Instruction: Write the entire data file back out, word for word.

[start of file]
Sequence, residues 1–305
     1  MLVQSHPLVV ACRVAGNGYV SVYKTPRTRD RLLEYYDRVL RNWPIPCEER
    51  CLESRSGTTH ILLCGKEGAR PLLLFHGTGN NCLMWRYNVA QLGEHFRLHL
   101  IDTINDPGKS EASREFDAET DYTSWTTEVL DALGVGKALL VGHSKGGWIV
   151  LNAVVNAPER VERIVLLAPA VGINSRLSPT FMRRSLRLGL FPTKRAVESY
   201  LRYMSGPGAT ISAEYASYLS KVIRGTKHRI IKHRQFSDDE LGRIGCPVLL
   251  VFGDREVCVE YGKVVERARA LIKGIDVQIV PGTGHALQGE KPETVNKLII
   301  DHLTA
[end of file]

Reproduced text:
Sequence, residues 1–305
     1  MLVQSHPLVV ACRVAGNGYV SVYKTPRTRD RLLEYYDRVL RNWPIPCEER
    51  CLESRSGTTH ILLCGKEGAR PLLLFHGTGN NCLMWRYNVA QLGEHFRLHL
   101  IDTINDPGKS EASREFDAET DYTSWTTEVL DALGVGKALL VGHSKGGWIV
   151  LNAVVNAPER VERIVLLAPA VGINSRLSPT FMRRSLRLGL FPTKRAVESY
   201  LRYMSGPGAT ISAEYASYLS KVIRGTKHRI IKHRQFSDDE LGRIGCPVLL
   251  VFGDREVCVE YGKVVERARA LIKGIDVQIV PGTGHALQGE KPETVNKLII
   301  DHLTA